The Third Don’t Know
Uesugi Kenshin was the Galahad of mediaeval Japanese chivalry, and like the Galahad of the Western Arthurian legend was somewhat tactless and even arrogant in his youth. Kenshin was keenly interested in Buddhism and came to hear of the discourses on Zen given at a certain temple by a great Zen abbot, also as it happened with the same Buddhist name Kenshin. The young Uesugi decided to go to one of the sermons and engage the abbot in debate afterward, so he rode up one day without announcing his coming and went in to hear the sermon. That day the abbot was speaking on a case from the Zen classic Hekiganroku:
Bodhidharma’s “Vastness, No Holiness!”
The Ryo Emperor Bu asked the teacher Bodhidharma: “What is the first principle of the holy truth?”
Bodhidharma said: “Vastness, no holiness!”
Quoth the emperor: “Who is it that confronts Us?” Bodhidharma said: “Don’t know.”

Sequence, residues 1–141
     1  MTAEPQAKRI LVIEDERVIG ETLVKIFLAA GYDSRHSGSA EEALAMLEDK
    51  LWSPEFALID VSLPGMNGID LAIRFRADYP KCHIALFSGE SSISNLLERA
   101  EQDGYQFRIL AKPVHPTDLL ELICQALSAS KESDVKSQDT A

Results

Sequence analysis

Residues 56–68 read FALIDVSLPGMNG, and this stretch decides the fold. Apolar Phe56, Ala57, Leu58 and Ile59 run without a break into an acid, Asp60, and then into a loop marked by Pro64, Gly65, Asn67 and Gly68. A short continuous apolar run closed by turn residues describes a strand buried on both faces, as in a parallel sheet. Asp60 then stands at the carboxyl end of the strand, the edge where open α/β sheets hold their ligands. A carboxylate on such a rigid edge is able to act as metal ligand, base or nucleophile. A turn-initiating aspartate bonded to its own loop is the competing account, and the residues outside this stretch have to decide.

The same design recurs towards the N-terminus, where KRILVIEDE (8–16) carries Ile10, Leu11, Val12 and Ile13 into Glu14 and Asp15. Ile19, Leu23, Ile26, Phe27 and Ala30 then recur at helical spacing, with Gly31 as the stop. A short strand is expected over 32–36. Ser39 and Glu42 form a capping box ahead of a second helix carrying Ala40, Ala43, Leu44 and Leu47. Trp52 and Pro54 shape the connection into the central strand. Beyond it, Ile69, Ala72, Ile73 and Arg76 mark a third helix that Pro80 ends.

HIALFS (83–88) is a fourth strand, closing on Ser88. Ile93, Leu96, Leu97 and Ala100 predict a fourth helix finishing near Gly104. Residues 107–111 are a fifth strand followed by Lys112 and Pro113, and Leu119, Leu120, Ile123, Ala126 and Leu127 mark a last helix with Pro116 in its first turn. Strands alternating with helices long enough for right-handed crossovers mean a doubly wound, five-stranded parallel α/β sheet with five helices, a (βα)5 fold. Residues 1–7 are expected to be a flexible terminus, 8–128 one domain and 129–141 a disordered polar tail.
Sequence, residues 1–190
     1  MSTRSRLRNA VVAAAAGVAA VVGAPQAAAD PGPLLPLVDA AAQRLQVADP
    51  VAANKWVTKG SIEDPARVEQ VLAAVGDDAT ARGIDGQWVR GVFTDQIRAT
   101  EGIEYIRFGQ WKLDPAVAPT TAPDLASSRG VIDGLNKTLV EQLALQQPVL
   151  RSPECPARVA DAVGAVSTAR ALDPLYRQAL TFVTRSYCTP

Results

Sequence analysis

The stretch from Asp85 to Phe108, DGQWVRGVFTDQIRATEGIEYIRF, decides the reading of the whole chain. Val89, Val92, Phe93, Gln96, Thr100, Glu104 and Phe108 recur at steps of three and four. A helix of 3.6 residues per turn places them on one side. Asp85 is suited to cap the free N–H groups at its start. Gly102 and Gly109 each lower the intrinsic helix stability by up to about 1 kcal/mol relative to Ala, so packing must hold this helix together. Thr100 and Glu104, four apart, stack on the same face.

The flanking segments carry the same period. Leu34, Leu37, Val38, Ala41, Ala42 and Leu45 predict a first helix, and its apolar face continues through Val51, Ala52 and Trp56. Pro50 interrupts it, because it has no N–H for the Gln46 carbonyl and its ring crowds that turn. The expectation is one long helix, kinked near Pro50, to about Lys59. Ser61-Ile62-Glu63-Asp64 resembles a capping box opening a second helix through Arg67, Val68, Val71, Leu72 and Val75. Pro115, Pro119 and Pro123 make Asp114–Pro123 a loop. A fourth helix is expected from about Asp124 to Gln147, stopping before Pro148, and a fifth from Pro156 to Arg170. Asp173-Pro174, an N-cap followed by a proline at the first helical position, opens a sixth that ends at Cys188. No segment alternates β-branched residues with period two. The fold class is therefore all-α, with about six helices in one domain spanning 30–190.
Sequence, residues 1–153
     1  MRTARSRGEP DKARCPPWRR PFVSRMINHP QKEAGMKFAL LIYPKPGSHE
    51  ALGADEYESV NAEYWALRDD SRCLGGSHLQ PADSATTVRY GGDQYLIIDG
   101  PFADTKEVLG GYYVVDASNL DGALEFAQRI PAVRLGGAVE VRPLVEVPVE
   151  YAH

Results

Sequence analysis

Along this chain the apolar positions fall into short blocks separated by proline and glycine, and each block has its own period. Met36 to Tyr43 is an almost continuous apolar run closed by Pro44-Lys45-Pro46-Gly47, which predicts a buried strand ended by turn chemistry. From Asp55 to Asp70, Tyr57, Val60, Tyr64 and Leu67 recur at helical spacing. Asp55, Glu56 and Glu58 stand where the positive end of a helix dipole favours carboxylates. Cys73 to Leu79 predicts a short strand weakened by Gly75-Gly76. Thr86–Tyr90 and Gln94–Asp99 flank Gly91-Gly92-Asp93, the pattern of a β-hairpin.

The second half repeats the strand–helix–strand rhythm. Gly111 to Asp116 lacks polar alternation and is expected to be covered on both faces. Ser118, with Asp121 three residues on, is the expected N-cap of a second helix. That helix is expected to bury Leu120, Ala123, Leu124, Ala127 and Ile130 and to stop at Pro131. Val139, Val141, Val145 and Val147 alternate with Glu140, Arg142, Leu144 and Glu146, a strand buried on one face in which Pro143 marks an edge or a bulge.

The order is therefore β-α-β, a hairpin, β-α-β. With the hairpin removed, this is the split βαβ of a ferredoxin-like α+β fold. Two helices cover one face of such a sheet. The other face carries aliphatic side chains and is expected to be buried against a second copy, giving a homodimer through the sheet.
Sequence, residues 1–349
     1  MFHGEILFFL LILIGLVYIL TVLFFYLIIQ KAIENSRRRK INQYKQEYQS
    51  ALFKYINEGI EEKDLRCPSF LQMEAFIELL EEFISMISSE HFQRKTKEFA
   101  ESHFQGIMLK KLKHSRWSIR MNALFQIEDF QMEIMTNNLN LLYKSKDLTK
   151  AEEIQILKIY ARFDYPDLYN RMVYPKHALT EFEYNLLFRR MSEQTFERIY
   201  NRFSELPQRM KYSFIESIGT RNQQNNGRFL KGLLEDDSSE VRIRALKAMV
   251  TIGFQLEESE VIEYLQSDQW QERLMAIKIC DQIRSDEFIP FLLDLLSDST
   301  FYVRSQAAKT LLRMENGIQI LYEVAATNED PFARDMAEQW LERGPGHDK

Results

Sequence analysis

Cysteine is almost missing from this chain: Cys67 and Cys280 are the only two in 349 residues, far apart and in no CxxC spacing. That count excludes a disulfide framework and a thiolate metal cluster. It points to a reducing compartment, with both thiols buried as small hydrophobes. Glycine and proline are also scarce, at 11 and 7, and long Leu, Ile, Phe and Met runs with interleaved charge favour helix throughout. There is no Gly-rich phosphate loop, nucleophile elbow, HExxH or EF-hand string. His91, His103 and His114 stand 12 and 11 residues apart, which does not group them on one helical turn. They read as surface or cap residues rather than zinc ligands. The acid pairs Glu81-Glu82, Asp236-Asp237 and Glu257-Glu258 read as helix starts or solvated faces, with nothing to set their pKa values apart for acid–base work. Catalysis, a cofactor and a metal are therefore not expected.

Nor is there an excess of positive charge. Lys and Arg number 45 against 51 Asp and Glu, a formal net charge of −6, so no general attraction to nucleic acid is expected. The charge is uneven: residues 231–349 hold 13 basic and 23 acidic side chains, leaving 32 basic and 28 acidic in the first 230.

The emperor did not understand, and Bodhidharma crossed the river and went to Gi.
Later the emperor asked Abbot Shiko, who said: “Does Your Majesty yet know who is this man, or not?”
The emperor said: “Don’t know.”
Shiko said: “It is the Bodhisattva Kannon, who is transmitting the seal of the Buddha heart.”
The emperor in regret would have sent an envoy to ask him to return, but Shiko said: “Though the emperor send an envoy for him, nay, though the whole people go after him, never never will he turn back.”
After hearing the abbot lecture on this incident confrontation between Bodhidharma and the emperor Uesugi did not leave with the audience but asked for an interview with the abbot. This was granted. As he went in the abbot glared at him and almost shouted: “What does the story mean? How do you understand it?”
The words were like a thunderclap and Uesugi found himself speechless. The abbot growled: “So ready with words – where are they now, what does the story mean? Speak! Speak!” Dumbfounded Uesugi made a reverence and went out.
It is said that he pondered on this interview for 3 years before he could face the abbot again. He ultimately became a great figure in Japanese Zen and Buddhism generally. The story is called The Three Don’t Knows: Bodhidharma said he didn’t know, the emperor didn’t know and Uesugi didn’t know.
From Bodhidharma’s ‘Don’t know’ sprang the whole Zen sect, from the emperor’s ‘Don’t know’ came a great flowering of Buddhism in China, and from Uesugi’s ‘Don’t know’ came a life of unmatched chivalry and purity still featured in magazines and TV as a perfect exemplar for young Japanese.
© 2000 Trevor Leggett